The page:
[For the first blog post of the Summer 2018 A&S Research Fellowship, students were tasked with exploring the existing collection of the Race & Racism at UR Project at memory.richmond.edu and reflecting on the materials they encountered there.]
by Catherine Franceski
Catherine Franceski is rising junior from Washington, D.C. majoring in Philosophy, Politics, Economics & Law (PPEL) with concentration in politics and minoring in Rhetoric & Communication Studies. She is the president of Phi Alpha Delta pre-law fraternity, and a member of the Westhampton College Honor Council. This is her second year working on the Race & Racism Project. Last summer, she focused on studying the lives and legacies of “hidden” black figures in Richmond, Virginia’s history.
When I came to the University of Richmond in the fall of 2016, I thought I knew the school very well. My mother had attended UR, my brother was a current student, and other family members had different connections to the school. I had grown up outside of D.C., coming to campus for reunions, family weekends, and other events. Although I knew a bit about the history of the school and the social culture of campus, I did not know anything about the history of the school’s interaction with the city of Richmond, the rocky road to integration, or the black student experience.
I worked on the Race & Racism Project last summer compiling hidden narratives about inspirational figures in the city of Richmond’s history and learning about the history of black students on campus. This included gaining a whole new insight into the isolation and exclusion black students have felt, and continue to feel, on campus. When I returned to school in the fall, I realized my work on the project last summer allowed be to become a more culturally competent and aware student, as well as a better ally for students of color on this campus.
This February, the topic of Ring Dance came up in a conversation with friends. One friend of color said she wasn’t planning on attending Ring Dance when she’s a junior because it is “racist.” Another friend of color agreed with her. My other friend, who is white, became upset and offended that they had characterized a longstanding Westhampton tradition in that way. My white friend talked to me about the other friends’ comments after the group conversation. I could absolutely see why my friends of color had called Ring Dance racist, as it parallels a debutante ball in many ways (the father walks his daughter down the staircase, the daughters wear long formal dresses, and so on.) Moreover, the event is pricey, with tickets selling for over $50 for guests. Many Westhampton juniors also book hotel rooms for that weekend, and have to pay for a long black dress. Because the tradition is that the Westhampton junior’s father walking her down the staircase, the weekend is even more expensive with travel costs for family members. Lastly, Ring Dance is held at the Jefferson Hotel, a hotel known for historic opulence, comfort, and, well, whiteness. I could see why my two friends of color felt discomfort towards the event. Although I could see their viewpoint pretty immediately, and I had considered the problems with Ring Dance before attending the university, I could see why these remarks could be upsetting. Traditions, specifically for Westhampton College, link us to students who have come before. By changing traditions, people fear we are disconnecting with our past.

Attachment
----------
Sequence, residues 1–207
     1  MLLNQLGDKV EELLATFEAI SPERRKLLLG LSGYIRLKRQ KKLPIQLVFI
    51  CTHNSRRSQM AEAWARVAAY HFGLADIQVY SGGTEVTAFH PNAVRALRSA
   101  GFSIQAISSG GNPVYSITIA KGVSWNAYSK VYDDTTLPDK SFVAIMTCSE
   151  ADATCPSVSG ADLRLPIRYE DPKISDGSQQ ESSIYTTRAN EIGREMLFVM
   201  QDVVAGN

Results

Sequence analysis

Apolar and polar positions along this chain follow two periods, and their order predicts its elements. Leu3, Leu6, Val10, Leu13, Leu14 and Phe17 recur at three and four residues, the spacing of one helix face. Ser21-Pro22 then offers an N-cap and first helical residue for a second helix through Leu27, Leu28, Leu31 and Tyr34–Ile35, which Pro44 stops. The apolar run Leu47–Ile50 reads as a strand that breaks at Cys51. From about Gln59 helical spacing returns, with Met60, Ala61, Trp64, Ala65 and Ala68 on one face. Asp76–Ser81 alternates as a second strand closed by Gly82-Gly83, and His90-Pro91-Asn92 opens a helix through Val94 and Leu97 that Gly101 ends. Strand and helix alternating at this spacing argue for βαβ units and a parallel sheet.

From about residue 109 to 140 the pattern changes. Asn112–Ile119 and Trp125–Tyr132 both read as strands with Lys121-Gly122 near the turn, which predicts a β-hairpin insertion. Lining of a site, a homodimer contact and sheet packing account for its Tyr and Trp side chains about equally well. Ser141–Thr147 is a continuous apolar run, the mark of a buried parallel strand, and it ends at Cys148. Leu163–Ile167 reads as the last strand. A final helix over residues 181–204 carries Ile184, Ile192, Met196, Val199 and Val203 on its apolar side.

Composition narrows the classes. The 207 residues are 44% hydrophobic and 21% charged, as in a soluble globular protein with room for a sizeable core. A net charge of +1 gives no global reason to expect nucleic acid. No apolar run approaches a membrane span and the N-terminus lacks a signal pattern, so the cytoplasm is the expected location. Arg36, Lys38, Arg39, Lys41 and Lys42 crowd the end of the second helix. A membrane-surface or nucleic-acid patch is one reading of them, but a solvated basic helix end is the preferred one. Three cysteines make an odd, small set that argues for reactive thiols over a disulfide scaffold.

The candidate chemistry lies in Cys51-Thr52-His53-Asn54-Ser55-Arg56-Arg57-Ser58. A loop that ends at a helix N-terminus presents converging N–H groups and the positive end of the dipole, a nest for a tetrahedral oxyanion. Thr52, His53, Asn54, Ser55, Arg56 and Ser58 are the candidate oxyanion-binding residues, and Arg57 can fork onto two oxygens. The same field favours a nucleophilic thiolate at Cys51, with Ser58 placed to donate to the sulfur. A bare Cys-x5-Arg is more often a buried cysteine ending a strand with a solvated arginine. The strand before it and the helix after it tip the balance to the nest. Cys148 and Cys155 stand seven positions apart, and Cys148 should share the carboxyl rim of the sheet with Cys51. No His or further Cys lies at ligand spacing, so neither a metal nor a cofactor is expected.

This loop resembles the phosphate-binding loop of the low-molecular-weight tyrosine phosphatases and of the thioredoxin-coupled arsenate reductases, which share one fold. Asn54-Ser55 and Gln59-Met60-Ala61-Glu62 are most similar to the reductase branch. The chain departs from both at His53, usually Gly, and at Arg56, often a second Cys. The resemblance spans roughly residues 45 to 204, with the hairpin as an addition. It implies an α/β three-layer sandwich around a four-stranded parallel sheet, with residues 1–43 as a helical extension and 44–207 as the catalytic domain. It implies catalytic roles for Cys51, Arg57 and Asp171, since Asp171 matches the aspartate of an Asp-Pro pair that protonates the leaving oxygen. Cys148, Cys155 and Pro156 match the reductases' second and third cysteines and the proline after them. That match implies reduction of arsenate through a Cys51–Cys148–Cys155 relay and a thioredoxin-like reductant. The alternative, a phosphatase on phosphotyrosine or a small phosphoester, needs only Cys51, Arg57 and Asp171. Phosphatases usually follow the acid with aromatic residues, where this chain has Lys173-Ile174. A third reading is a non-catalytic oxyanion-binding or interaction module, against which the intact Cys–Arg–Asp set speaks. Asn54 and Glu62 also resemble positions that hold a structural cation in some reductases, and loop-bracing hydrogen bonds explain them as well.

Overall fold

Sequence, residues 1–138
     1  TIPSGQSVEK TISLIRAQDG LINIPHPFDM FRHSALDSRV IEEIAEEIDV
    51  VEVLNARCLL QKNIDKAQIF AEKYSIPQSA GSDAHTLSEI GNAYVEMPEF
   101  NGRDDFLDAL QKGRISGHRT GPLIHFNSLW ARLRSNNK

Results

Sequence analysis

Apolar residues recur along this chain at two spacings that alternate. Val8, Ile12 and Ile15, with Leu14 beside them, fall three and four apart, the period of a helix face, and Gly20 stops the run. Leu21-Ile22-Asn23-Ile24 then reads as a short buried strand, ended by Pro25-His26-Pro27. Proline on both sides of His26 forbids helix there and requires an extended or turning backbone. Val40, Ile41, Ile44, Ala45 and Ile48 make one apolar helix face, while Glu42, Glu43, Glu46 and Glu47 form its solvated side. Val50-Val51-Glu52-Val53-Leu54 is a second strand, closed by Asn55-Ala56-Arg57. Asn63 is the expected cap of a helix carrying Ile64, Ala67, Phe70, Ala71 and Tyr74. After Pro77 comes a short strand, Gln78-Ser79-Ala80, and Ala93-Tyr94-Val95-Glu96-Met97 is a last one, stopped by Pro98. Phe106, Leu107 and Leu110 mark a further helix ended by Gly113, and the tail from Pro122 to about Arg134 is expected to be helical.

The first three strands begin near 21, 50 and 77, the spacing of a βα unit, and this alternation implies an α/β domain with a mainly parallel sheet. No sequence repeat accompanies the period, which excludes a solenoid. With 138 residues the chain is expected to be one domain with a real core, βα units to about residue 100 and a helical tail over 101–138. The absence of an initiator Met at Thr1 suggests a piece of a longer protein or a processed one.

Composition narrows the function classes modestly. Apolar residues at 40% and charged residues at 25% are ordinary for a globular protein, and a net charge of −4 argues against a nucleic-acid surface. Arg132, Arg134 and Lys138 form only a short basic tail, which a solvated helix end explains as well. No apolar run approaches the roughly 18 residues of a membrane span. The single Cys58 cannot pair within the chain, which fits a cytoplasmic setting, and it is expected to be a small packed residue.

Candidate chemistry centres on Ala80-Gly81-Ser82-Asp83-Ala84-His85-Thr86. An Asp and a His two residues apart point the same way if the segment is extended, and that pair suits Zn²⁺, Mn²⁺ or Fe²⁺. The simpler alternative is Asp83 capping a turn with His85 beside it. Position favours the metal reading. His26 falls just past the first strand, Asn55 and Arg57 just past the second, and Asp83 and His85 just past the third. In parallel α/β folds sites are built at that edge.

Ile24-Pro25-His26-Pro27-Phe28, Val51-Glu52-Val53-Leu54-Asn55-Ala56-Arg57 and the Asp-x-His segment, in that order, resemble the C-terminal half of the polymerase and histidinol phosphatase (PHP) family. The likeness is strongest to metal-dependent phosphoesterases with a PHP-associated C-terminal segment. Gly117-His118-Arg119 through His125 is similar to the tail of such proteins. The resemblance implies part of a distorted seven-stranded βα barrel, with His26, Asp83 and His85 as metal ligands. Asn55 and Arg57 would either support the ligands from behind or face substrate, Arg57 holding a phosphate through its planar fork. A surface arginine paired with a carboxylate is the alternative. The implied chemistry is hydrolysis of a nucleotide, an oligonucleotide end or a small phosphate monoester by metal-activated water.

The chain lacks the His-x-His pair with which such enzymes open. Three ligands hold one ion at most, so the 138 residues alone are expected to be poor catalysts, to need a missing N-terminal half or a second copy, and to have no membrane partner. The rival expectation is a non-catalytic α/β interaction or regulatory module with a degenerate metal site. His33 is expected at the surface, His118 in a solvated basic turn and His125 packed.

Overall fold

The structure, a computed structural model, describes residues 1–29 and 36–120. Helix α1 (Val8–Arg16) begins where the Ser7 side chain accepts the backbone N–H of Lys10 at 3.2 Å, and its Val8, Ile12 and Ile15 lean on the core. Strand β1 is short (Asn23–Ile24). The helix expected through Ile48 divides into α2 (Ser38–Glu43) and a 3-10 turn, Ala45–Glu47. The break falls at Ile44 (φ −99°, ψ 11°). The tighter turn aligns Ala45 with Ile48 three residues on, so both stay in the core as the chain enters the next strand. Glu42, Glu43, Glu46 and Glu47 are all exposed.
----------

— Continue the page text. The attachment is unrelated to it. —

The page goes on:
When I began research again this summer, I wondered if the Race & Racism Project had anything on the topic of Ring Dance. Although we had a few things, The Collegian had quite a few interesting articles about the recent policy changes to the dance, as well as profiles on students who had broken with tradition, or those who did not participate at all. One student wrote a piece in 2015, describing their choice to not attend the event because of its expectations of hyper-femininity, including the long dresses, high heels, hair, and makeup. It reminded me that not only is Ring Dance exclusionary along racial and socioeconomic lines, but also exclusionary to those Westhampton students who do not not conform to gender norms. Although the university did change the policies in 2015, instructing women to wear a black dresses instead of white ones, as well as disallowing escorts (which was subsequently broken and made for a tumultuous event), the changes obviously did not make Ring Dance suddenly an all-inclusive event overnight.
Perhaps it is time to take a look at the event and see how it can become more inclusive so that more of the Westhampton junior women from different races and socioeconomic backgrounds can participate (i.e. holding class fundraisers to lower ticket prices, etc.) By leaving out some groups in the Westhampton college tradition, we exclude them from feeling that they are really part of Westhampton College. Through my work on the Race & Racism Project, I have been able to see campus life in a new light, as well as challenge campus norms and social traditions. Now my hope now is to spread the work of the project to students, faculty, and staff across campus, so as to not leave groups on the fringes and create a community for everyone.